From 12 till 19 November, Aman and I, together with people from VU University (Amsterdam), TNO (Amsterdam) and CSIR (South Africa) were in Mali to work with our colleagues from Sahel Eco, as part of the EU-funded VOICES project.
During this week, we visited our two radio station partners (Radio ORTM Segou in Segou and Radio Moutian in Tominian), and met with farmers and producers groups — some involved in the current system (the Tominian group), some not being involved (the Segou group). Our main objective was to show and train radio people on the voice-based interface to access agriculture-related content to broadcast, validate with them the quality of the audio files our system is generating, the quality of the audio received through the voice platform, and the design of the broadcast interface for them to use the audio content live directly from the voice-platform.
In terms of deployment, we are using two different and independent platforms. One is developed and hosted by Orange in Mali as part of VOICES and is called EMERGINOV. It is an integrated platform based on free and open-sources software elements. The voice platform in EMERGINOV is VoiceGlue, the VoiceXML browser built on top of Asterisk (see a post i wrote long time ago on voice platforms).
The second platform (see the picture on the left) is a completely standalone platform, that can work without power, with just a portable solar panel like shown on the picture. The laptop hosts the complete environment (LAMP), plus a Voxeo Prophecy IVR server for the voice platform. For the telephony hardware, we are using an appliance called Office Route with four GSM ports. The Office Route is a very efficient and robust device that I discovered when talking to Freedomfone people (Thanks Brenda!). I believe this is the first ever standalone VoiceXML browser platform that doesn’t even need power!
We also have a third option, a cloud-based solution hosted partly on Web Foundation site and partly on Evolution, Voxeo VoiceXML cloud hosting, but this is not usable directly in Mali due to the limited unstable international bandwidth, and due to the absence of Malian phone number in Evolution. We will open this platform soon as a demonstration platform.
From my perspective, the results of this trip exceeded my expectations. Not only all the audio quality validation tests were positive, but radio people were very excited by the system. In January, we had only demo, now we showed them a platform then can use right now and they are eager to start.
The focus of the current work and the VOICES project is limited to the broadcast of the agriculture information, but people understand very well the potential power of such platform.
Part of the platform includes the option to record content from a mobile phone, and enable the radio to broadcast it. This is the functionality that attracted most attention, as connecting journalists in field with the Radio is a major problem they are experiencing today. We had also lots of discussions on how to extend the platform to provide more services to listeners, and increase the interactivity between radio and listeners. This is slightly outside the scope of our current work, but something we are eager to explore further in the future. All in one, this was very positive, and looks very promising.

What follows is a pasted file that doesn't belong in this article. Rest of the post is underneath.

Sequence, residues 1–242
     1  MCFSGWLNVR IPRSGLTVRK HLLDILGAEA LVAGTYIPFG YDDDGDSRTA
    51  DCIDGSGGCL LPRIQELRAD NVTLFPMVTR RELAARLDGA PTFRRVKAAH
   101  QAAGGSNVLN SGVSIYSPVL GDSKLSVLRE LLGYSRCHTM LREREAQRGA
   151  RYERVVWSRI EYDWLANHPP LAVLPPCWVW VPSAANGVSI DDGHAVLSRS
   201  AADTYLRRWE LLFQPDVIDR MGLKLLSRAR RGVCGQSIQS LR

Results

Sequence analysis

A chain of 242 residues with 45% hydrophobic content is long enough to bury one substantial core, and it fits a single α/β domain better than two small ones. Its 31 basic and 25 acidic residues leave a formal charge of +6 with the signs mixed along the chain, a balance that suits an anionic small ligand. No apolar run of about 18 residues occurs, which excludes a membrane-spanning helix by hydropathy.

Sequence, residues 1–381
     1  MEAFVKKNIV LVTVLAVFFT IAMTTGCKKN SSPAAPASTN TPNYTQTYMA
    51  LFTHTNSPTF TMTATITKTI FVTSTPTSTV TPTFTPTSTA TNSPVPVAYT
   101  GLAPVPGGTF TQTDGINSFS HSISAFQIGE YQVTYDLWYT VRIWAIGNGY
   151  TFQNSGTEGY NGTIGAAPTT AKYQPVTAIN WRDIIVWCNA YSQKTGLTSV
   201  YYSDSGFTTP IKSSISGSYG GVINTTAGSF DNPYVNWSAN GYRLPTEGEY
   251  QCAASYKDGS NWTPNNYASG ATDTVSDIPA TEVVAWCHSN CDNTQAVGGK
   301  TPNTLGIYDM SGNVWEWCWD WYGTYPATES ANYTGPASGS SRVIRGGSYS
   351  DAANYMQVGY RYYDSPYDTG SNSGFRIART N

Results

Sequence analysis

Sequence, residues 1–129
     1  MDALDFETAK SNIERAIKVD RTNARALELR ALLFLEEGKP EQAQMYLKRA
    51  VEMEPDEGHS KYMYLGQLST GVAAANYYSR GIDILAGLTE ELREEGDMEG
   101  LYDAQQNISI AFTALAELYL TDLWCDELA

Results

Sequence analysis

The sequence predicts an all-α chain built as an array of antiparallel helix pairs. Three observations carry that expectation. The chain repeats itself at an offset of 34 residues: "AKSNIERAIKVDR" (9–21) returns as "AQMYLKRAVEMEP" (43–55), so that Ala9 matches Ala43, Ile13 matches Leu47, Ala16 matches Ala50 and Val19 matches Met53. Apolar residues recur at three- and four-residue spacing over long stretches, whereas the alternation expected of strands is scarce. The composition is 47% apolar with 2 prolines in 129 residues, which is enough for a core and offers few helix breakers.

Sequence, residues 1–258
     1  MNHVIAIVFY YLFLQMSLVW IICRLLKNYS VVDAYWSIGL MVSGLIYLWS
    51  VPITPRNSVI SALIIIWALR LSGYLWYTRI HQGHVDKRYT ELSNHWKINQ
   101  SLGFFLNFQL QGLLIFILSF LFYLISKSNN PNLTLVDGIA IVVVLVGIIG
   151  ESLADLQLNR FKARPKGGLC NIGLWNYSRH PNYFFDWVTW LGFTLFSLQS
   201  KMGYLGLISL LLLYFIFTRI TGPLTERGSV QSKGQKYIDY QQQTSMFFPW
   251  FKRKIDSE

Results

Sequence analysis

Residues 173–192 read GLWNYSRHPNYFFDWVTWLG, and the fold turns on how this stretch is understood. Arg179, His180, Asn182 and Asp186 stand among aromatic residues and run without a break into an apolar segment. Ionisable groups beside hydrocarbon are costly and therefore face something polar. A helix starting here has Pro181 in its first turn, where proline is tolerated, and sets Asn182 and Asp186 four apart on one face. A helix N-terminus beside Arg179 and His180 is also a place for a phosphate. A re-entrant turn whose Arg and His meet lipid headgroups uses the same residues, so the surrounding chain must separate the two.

Now, we have to see if this interest becomes a practice, and we will follow closely the activity on the platform in the coming weeks.
The other part of our work, meeting with producers and farmers, was also very instructive. In a big part it confirmed our previous findings. For instance, we met with representatives of producer groups who lives in the suburb of Segou, the second major town of Mali, and who were all literate. They use a lot their phones for their work, but only voice communication. Interestingly, the second most used feature of their phone is the calculator. None of them have ever used the SMS function of their phone. None of them have ever used the phone book of their phone. They all have a paper phone book with them where they note the phone numbers and names. We had also confirmation that lots of families have at least one phone. The coverage is still an issue, and places with good reception are clearly marked! One other interesting point was related to sharing phones. While people are happy to lend their phone to someone to help him, the concept of shared phone does not exist. It is considered has a personal item.
Part of the new findings out of these discussions is the importance of buyer requirements. There is a huge opportunity for people to structure in groups so that they can offer one single point of contact for big buyers. While we had the feeling that trading between big buyers and small-scale farmers is a problem, we hadn’t had so far practical evidences.
For our current work, this is stressing the need for buyers’ services in our system, and the ability/functionality to aggregate small-scale producers.
As always, field trips are very informative and very enlightening. We learnt in a week more information, and collected ideas that we can’t think of from our offices in Toulouse, London or Boston. I’m very excited to see how all these discussions will now transforms in new services at our end, and in usage at radio station and people end.
Aman will detail in another post the discussions with farmers, and we will publish in the coming weeks a dedicated report on this trip.
Ps: I will post online soon a demo of the deployed system that one can test directly.